School bags may inflect evolution of humankind in an unimaginable way. Maybe the next generations will be born with a small pouch-like opening on their backs to get used to attending school early on. And it would grow and become bigger to accommodate the various things they carry to school apart from books and notebooks. Soon this “natural pouch” would come to replace the school bag. But just like other physical features, this feature may not be the same for everyone. For some it may be perfect, with enough space to carry things of use. For others it may be too loose or large, and things may often fall out of it. It’s also possible that some may have a closed pouch that may need to be surgically opened. Others may choose to undergo cosmetic surgery to enhance the look and style of this pouch and turn it into a laptop carrier. Then depending on when college starts, they can pierce it, tattoo it or add a zipper.
This might jeopardise the business prospects of bag manufacturers and companies. They may find their production capacity underutilised as their bags – tailored to give children a big hunch – would become obsolete. The bags get bigger every day: meant to provide space for books and notebooks, all of which are not even used every day, they are a student’s nightmare. The size of the bag grows as the child grows and sometimes overtakes it. The sight of a little child carrying a bag bigger than herself is similar to the laborious ant that is naturally gifted to carry more weight than it size appears to allow. Sometimes one can only see the little head bobbing above and legs sticking out below while the rest of the body disappears behind a bag.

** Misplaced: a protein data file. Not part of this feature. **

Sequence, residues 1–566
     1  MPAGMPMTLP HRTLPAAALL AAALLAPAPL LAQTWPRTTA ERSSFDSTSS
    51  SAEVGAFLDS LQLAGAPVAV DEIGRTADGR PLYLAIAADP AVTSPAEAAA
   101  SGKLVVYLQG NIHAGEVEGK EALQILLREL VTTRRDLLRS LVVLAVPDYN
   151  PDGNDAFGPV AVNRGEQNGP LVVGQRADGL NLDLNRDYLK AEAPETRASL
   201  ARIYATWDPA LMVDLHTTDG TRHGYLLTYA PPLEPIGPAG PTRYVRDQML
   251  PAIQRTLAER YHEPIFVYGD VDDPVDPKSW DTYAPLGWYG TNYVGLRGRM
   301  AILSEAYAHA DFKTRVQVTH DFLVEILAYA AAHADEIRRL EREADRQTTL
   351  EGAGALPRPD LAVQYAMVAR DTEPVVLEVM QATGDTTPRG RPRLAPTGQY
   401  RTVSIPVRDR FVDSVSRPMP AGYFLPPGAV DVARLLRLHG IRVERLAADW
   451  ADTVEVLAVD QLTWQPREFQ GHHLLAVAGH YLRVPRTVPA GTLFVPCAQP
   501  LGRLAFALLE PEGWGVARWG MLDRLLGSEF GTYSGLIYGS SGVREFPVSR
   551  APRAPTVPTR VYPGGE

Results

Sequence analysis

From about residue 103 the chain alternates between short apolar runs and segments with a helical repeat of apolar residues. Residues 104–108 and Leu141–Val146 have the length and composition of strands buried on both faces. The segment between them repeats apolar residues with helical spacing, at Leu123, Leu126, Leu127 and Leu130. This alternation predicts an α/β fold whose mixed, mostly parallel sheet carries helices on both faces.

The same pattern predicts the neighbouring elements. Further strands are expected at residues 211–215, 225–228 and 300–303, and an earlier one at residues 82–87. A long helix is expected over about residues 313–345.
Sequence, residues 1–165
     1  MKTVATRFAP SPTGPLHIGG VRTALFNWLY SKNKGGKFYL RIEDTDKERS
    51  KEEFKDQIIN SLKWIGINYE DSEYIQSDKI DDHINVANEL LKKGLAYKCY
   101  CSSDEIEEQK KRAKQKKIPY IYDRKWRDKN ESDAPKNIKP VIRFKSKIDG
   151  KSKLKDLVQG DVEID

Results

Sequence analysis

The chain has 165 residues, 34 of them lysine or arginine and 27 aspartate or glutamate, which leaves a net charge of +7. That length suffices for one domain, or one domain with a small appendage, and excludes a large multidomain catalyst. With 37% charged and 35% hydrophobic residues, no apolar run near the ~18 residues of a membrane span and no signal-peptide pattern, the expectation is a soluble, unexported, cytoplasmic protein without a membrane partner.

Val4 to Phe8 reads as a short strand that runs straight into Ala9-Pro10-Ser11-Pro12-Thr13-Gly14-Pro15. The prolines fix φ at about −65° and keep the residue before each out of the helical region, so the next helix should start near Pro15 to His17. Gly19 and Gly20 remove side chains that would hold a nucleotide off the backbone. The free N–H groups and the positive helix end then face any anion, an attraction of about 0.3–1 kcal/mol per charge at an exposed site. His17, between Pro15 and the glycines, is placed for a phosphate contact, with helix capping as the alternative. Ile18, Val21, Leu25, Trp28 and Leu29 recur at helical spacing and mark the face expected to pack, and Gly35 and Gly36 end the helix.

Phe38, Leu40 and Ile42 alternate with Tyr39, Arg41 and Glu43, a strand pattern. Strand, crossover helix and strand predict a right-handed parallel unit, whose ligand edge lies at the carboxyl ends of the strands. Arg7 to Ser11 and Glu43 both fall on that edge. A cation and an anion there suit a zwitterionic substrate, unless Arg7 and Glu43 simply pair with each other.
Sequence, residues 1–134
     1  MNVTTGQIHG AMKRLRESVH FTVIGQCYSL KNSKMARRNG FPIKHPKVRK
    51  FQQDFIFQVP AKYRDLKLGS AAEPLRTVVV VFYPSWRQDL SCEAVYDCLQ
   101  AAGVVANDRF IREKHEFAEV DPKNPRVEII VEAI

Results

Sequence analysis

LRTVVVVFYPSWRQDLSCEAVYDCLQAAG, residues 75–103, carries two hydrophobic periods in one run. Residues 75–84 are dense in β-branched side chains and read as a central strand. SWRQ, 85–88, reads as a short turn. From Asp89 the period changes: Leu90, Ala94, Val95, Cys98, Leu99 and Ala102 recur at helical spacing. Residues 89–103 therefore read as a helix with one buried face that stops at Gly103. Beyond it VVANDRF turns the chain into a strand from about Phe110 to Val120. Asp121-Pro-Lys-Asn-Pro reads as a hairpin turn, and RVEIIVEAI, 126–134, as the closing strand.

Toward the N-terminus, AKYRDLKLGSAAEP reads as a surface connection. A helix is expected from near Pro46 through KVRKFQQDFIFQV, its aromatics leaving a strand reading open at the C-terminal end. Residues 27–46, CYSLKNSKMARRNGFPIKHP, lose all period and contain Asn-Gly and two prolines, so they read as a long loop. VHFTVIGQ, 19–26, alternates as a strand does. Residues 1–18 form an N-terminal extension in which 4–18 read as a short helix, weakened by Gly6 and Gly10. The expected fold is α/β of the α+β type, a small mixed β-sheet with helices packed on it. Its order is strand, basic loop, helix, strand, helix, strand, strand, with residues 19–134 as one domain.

Perhaps this is another turn evolution might take. Disappearance of school children behind their giant school bags! Just like dinosaurs disappeared 65 million years ago. Palaeontologists are still struggling to explain the phenomenon; school children might meet a similar fate. If this happens, then there is further economic loss waiting for us. Schools would lose out on their regular customers – the children and teachers would find themselves out of work. They would also not have readily available outlets to vent their deep-seated frustrations and anxieties. The blame game would stop and school would become a very boring place. If one wants to look at the faint silver lining in the dark cloud, national violence rates among children affected by classroom punishments and thrashings would plummet. The transport companies plying buses and rickshaws would start their own lobby in a bid to recover their losses.
The least affected would probably be parents who may not even notice this sudden disappearance until after a few days of its occurrence. For the first few days, they might be led to believe that their children have been at school all this while, given the rigours of contemporary education. They might panic slightly, later on, worried about their little proud investments. But schools in all likelihood would hold a press conference to assure people of the safety of their children being detained for special classes to nurture their magical talents.
In the meantime, school bags would wait in anticipation to swallow more children.